Since trace-length matching is employed, minimizing the interpair distribution skew is effectively the same as minimizing the SYSREF distribution skew. The limit for this distribution skew, which is the DLU limit minus the valid window time, can also be managed through trace length matching. The DLU limit is set by the requirements of the application.

These methods for minimizing DLU are illustrated in Figure 3. Since each device in the JESD204B system has its own SYSREF/DCLK pair, meeting the timing requirements for capturing SYSREF is just like any system that uses source synchronous clocking. Timing margins at each device are considered independently of the other devices in the system.

SYSREF Timing Example Using the AD9250

The AD9250 is a 14-bit, 250-Msample/s dual ADC with JESD204B serial data output specified at 5 Gb/s. To maximize PLL performance, the AD9250 can accept device clock speeds as high as 1.5 GHz. This provides an excellent example to demonstrate how to meet SYSREF timing using trace-length matching under the most stringent system DLU requirement.2 Here are the conditions for the example:

DCLK = 1.5 GHz (667 ps period)

tSU = 500 ps and tHOLD = 0 ps

For the example, the system’s DLUMAX = 1 DCLK (667 ps)

Intrapair Trace-Length Matching to Meet SYSREF Timing

Based on specifications for the example, the valid window for meeting setup and hold time is 167 ps (667 ps tDCLK – 500 ps tSU). Travel time is the time span from when a signal leaves the source to when it arrives at the sink. The travel time of the SYSREF minus the travel time of DCLK needs to be less than 167 ps to meet the setup time and more than 0 ps to meet the hold time. To roughly convert this travel-time difference into inches, we estimate the travel time through 1 inch of FR-4 material to be 167 ps per inch. So, for each SYSREF/DCLK pair in the system, the following routing requirement would need to be met:

DCLK trace length < SYSREF trace length

                                  < DCLK trace length + 1 inch

Meeting this requirement will ensure that the SYSREF transition will occur within the valid window as illustrated in Figure 4.

Interpair Trace-Length Matching to Meet DLU Limit

Since the DLU limit has been set to 667 ps and we know the relationship between the DLU limit and the interpair (or SYSREF) distribution skew (DSSYSREF), it's a straightforward derivation to find the trace length match limit:

DSSYSREF = DLUtValid Window = 667 ps – 167 ps = 500 ps

So, the interpair distribution skew across all SYSREF/DCLK pairs must be within3:

500 ps/167 ps per inch = 3 inches

Figure 5 illustrates the timing for this example. The best-case distribution skew (DSSYSREF) refers to the case that would allow for a less stringent trace-length matching requirement.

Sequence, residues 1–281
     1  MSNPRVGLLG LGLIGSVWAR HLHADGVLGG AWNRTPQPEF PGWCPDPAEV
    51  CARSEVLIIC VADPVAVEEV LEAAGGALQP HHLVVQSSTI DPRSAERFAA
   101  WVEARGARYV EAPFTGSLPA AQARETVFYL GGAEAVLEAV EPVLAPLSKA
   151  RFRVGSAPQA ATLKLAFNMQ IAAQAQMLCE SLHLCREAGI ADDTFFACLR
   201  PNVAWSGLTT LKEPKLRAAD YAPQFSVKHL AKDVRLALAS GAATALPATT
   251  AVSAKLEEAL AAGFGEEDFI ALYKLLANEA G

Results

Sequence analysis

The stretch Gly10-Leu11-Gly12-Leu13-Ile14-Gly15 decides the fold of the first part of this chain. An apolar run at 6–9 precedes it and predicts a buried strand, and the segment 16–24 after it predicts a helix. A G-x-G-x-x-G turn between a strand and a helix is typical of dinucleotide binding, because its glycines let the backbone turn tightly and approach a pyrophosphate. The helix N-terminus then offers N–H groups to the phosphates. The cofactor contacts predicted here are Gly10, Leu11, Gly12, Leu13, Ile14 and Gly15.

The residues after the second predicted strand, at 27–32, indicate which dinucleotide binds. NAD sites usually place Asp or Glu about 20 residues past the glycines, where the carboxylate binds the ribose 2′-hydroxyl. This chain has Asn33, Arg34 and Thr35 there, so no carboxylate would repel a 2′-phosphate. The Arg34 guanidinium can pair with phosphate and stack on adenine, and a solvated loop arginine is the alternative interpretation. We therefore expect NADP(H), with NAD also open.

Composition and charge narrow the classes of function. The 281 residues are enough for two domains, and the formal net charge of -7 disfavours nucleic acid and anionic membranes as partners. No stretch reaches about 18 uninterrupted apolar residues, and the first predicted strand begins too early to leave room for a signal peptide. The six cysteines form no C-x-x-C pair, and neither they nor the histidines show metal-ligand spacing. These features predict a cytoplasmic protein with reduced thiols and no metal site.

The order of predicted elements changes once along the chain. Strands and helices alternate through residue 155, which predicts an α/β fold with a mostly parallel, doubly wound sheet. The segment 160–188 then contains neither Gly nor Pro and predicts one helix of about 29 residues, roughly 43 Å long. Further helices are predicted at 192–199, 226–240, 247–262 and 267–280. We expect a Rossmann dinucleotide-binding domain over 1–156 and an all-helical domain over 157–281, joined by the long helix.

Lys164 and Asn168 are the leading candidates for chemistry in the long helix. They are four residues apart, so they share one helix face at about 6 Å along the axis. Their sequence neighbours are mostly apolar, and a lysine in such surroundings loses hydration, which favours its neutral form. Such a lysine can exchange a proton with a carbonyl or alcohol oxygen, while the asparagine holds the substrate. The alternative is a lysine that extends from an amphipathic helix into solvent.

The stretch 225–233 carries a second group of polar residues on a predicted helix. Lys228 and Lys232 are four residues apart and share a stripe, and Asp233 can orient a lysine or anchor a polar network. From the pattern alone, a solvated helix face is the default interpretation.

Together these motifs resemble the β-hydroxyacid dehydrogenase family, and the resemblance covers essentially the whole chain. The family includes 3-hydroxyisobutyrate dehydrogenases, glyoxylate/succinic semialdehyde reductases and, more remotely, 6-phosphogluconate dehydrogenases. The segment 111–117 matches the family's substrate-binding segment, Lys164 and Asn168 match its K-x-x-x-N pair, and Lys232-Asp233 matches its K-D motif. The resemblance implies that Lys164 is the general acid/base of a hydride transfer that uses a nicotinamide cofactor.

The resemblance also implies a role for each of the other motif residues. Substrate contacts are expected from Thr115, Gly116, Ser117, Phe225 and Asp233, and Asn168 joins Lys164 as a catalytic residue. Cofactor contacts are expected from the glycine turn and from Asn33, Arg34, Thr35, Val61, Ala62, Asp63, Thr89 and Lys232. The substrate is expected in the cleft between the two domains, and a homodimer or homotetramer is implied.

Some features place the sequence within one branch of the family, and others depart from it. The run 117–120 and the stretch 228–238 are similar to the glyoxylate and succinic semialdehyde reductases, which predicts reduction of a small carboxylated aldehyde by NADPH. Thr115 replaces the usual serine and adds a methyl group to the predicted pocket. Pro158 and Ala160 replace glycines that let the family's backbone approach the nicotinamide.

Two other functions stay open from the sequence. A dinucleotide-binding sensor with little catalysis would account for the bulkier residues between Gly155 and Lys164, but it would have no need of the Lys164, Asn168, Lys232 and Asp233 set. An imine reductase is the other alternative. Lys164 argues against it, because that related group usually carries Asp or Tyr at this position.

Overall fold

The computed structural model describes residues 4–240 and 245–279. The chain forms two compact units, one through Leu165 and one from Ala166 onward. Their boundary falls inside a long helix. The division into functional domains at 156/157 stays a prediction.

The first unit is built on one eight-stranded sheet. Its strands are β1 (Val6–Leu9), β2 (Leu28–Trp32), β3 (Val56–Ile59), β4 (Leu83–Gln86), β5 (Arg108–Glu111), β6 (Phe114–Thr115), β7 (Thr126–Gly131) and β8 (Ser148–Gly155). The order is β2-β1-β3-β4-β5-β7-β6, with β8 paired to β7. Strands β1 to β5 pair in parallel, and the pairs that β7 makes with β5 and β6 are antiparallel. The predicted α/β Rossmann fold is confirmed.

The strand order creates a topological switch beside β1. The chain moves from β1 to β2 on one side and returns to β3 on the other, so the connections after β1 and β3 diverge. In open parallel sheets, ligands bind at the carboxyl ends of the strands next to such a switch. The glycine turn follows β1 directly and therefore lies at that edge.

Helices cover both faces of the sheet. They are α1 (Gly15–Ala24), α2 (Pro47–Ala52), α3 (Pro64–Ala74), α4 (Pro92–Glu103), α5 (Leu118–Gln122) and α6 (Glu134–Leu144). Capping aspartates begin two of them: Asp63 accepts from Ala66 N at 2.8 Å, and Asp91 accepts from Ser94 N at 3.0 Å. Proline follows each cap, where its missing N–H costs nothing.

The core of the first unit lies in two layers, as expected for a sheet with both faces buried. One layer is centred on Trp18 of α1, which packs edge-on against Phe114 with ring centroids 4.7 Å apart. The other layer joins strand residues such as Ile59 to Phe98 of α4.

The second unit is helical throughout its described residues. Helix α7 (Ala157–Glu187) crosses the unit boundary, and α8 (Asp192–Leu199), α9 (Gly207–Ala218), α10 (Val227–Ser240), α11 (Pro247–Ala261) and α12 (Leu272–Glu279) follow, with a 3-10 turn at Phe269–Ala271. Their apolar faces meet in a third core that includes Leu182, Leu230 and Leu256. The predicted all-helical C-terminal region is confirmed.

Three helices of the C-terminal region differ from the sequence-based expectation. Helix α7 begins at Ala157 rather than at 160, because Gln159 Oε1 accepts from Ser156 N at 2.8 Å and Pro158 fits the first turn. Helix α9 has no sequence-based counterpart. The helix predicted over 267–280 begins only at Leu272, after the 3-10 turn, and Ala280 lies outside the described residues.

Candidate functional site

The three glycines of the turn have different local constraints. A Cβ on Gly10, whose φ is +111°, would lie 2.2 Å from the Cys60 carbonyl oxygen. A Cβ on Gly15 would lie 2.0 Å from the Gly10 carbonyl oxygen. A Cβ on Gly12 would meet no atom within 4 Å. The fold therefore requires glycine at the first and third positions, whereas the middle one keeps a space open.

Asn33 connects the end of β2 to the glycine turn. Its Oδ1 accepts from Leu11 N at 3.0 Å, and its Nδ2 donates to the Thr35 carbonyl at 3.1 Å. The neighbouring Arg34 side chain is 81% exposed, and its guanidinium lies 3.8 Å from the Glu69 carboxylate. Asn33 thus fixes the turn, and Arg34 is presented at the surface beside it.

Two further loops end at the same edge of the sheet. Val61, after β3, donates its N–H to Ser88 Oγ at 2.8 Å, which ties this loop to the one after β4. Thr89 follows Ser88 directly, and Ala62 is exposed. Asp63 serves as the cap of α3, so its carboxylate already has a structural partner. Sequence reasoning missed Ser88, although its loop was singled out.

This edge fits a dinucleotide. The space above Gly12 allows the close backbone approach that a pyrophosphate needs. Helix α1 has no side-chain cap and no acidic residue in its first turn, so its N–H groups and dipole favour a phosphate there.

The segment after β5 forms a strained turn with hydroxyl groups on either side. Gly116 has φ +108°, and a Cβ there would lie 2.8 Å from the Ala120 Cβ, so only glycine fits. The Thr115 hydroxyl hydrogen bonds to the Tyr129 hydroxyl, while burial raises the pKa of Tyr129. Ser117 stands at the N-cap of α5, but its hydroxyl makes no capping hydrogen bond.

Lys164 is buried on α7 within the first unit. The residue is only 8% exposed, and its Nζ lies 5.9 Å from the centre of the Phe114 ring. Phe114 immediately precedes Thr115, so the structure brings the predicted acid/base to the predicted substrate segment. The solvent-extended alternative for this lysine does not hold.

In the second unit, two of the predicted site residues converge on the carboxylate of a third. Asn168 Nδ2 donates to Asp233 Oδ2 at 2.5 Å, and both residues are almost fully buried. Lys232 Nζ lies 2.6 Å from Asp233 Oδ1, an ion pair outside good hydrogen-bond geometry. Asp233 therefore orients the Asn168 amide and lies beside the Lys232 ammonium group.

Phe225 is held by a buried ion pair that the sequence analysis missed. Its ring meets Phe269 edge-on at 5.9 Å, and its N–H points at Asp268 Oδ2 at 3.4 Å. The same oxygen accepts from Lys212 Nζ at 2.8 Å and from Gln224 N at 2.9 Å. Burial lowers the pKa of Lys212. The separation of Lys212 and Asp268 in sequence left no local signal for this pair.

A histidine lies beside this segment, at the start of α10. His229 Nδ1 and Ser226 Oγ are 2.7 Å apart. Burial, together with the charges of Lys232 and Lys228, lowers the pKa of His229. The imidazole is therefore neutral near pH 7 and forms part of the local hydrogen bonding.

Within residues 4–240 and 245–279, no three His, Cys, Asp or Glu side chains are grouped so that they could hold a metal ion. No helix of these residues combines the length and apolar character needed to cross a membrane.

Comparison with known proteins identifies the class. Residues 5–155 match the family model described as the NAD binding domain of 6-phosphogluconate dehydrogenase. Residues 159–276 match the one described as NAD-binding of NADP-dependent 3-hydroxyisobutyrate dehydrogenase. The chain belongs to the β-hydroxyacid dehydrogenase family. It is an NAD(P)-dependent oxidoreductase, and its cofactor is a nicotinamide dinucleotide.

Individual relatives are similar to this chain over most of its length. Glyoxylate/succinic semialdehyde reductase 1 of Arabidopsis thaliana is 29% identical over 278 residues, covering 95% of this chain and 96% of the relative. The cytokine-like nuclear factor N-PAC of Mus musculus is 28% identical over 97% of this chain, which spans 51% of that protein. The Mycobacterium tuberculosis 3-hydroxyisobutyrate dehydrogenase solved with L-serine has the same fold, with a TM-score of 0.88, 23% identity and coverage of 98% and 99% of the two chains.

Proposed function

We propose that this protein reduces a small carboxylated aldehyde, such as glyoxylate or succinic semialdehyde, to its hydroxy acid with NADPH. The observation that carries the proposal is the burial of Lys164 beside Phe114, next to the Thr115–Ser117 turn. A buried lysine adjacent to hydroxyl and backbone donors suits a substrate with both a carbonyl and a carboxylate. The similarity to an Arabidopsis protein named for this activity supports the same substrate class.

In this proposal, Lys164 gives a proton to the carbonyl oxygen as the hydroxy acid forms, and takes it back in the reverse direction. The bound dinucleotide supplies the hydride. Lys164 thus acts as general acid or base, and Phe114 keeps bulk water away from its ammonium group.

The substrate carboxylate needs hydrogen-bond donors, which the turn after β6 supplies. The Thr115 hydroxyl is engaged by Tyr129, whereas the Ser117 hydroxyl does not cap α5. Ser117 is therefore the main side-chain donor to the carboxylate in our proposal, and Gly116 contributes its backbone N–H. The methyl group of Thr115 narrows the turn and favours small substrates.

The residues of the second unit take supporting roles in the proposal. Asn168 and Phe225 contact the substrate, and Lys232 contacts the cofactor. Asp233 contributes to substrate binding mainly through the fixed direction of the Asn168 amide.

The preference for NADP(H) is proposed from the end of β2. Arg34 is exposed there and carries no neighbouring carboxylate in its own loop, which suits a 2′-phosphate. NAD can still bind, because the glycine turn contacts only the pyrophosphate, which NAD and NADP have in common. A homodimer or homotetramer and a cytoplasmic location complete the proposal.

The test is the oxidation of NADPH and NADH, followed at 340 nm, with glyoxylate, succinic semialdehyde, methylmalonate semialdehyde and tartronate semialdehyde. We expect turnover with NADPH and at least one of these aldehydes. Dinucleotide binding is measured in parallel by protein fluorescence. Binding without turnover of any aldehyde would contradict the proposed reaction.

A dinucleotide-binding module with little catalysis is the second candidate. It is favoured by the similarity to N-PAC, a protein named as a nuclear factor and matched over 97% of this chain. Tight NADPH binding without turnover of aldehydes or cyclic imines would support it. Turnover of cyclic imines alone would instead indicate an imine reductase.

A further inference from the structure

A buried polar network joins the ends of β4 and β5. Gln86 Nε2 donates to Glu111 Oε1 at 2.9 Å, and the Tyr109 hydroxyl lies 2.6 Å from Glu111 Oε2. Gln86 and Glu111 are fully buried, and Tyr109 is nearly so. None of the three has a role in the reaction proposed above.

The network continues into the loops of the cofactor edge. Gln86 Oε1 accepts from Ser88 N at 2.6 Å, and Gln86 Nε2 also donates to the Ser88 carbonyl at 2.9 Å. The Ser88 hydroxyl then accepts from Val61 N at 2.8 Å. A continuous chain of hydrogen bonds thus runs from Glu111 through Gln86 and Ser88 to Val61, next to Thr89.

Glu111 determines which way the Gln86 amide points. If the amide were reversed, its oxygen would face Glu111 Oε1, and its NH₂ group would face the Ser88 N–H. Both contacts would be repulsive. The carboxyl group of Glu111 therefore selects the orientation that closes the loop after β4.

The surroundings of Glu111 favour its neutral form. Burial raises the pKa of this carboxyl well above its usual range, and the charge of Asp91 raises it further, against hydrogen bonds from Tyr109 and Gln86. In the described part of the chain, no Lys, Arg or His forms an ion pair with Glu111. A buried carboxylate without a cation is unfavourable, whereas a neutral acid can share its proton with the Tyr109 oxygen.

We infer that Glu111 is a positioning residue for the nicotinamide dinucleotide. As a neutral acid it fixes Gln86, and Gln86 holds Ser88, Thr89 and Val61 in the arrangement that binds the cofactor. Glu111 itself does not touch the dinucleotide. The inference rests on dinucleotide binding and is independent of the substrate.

Advanced Solutions to Meet SYSREF Timing and DLU Limit

Of course, the issue can be solved by using a slower device clock, which would make the length matching easier. This would come at the cost of sacrificing some system phase-noise performance. A similar solution to this is to relax the DLU requirement, which would retain the advantage of the improved system phase-noise performance.

How the DLU requirement is established depends on the application. This will be discussed in the context of deterministic latency accuracy. If the increased phase-noise performance is required and the DLU requirement can’t be relaxed, it may prove too difficult to meet the routing requirement for SYSREF/DCLK intradevice skew and interdevice skew (1 inch and 3 inches, respectively). In this case, adjustable phase delay for the device clock and/or SYSREF is required. The resolution of the adjustment must be less than the valid window based on the setup and hold time. From the example, the valid window is 167 ps.

Some FPGAs may have difficulty meeting small adjustment resolution requirements. However, the AD9528 can meet this requirement since it’s able to adjust SYSREF phase delay in 60-ps steps with less than 50-ps variability across all outputs.

Figure 6 illustrates how SYSREF can be delayed to meet the timing requirements. SYSREF is delayed in 60-ps increments. Selecting a phase setting that places the SYSREF edge near the middle of the valid window is recommended. The green edges indicate good phase settings and red edges indicate bad settings. The phase setting of 3 is in the middle of the valid window should be used in this case.

In addition to the 60-ps phase steps available on the SYSREF outputs, the AD9528’s device clock outputs can be phase-delayed by one-half of a device clock cycle. This feature is also helpful in meeting the SYSREF timing requirements.

SYSREF Setup- and Hold-Time Monitoring

Analog Devices’ AD9680 implements SYSREF setup- and hold-time monitor circuits to help in the adjustment of the relative timing between SYSREF and device clock. By monitoring these two registers, the user is able to determine if there’s a danger in violating the timing requirements for capturing SYSREF. If either of these registers give an indication that the timing margins are insufficient, the user knows he needs to adjust the relative position of SYSREF vs. the device clock. This adjustment would be made by either adjusting the phase of SYSREF relative to device clock (using the AD9528, for example) or by adjusting the trace length of the SYSREF and/or device clock signal.